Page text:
Highlighting the company’s strategy to exit the merchant nuclear power industry and refocus on regulated utility operations and renewable energy, Entergy Corp. Wednesday (May 1) reported that first quarter earnings grew 91.7% from a year ago.
For the period ended March 31, the parent company of Entergy Arkansas on Wednesday reported first quarter net income of $255 million, or $1.32 per share, compared to earnings of $133 million, or 73 cents per share, in the same period of 2018. Revenues in the three-month period were flat at $2.61 billion.
Adjusting for one-time items, the New Orleans-based utility operator reported quarterly earnings of $158 million, or 82 cents per share. Wall Street had expected the regulated utility with operating subsidiaries in Arkansas, Louisiana, Texas and Mississippi to report first quarter earnings of 98 cents on revenues of nearly $2.8 billion, according to Thomson Reuters.
In the previous quarter, Entergy closed out the end of 2018 with a $66 million loss due to impairments related to the sale of its merchant nuclear and wholesale power fleet as it returns to the company’s roots as a pure-play regulated utility. During the quarter, Entergy agreed to sell the subsidiaries that owned the company’s Indian Point nuclear facility in Buchanan, New York.
“We had a productive start to 2019. While weather was a headwind, we remain firmly on track to achieve our full-year financial guidance, as well as our longer-term outlooks,” said Entergy Chairman and CEO Leo Denault. “With our announcement of a sale of Indian Point, we now have definitive agreements in place to sell all of our merchant nuclear assets.”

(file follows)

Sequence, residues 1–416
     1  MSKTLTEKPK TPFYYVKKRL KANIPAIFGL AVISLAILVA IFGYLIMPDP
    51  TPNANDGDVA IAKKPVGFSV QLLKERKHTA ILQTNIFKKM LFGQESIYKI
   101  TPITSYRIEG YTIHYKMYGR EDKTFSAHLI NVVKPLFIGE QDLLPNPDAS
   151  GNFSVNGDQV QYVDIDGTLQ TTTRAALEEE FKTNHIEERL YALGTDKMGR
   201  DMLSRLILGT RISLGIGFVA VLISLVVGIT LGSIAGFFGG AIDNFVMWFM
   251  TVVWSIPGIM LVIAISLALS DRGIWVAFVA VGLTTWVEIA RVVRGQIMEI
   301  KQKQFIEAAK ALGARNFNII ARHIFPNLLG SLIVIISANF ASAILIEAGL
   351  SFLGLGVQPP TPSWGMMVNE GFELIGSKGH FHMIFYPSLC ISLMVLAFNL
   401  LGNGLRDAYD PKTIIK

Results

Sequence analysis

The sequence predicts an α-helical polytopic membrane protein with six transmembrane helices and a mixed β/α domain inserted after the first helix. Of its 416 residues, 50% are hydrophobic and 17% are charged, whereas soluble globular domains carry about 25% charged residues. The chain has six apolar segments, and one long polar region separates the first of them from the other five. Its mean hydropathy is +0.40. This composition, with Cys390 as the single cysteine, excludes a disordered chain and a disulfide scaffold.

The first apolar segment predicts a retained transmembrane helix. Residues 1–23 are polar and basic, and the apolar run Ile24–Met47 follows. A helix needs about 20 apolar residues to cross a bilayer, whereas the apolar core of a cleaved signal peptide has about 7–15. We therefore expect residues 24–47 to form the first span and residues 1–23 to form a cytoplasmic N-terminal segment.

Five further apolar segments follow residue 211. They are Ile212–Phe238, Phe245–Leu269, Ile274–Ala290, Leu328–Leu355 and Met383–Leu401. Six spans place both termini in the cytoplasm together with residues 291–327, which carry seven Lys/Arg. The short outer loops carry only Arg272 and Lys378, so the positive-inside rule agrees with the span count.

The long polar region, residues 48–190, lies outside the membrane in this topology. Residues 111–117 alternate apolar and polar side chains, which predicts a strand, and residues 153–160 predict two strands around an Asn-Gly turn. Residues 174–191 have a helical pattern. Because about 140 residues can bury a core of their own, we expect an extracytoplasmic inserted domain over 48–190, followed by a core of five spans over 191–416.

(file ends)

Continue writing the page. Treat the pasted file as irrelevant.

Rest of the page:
In the quarterly earnings report, the utility also noted Entergy Arkansas’ announcement in March to partner with NextEra Energy Resources LLC to build a 100-megawatt solar energy facility in White County near Searcy. Pending approval by the Arkansas Public Service Commission, it would be the largest utility-owned solar facility in the state and come on line by 2021.
Among other things, the company said Entergy Arkansas and Entergy Texas each issued requests for proposals for 200 megawatts of solar resources. Just two weeks ago, the company also released its ambitious 54-page climate strategy to lower the company’s carbon footprint by 50% by 2030 and assume a leadership role in the development of cleaner fuel choices.
Even after the sale of the Indian Point facility and the decision to exit the merchant nuclear market, Entergy still owns and operates seven other company-owned nuclear reactors, including Arkansas Nuclear One in Russellville, Ark.
Over the past four years, Entergy has announced the shutdown and decommissioning of Vermont Yankee nuclear plants, as well as the March 2017 sale of the James A. Fitzpatrick Nuclear power plant to Exelon Generation in upstate New York.
Entergy also announced the sale of the Rhode Island State Energy Center natural gas-fired power plant, and the planned shutdowns of the Pilgrim nuclear plant in Massachusetts and the Palisades nuclear plant in Michigan as part of the company’s departure from the merchant power business.
For 2019, Energy reaffirmed its yearly earnings guidance range of $5.10 to $5.50 per share. In early trading Wednesday, Entergy shares touched a 52-week high of $96.94 as shares rose 2%, or $1.94 on the New York Stock Exchange. The company’s shares have traded in the range of $75.45 and $96.94 over the past year.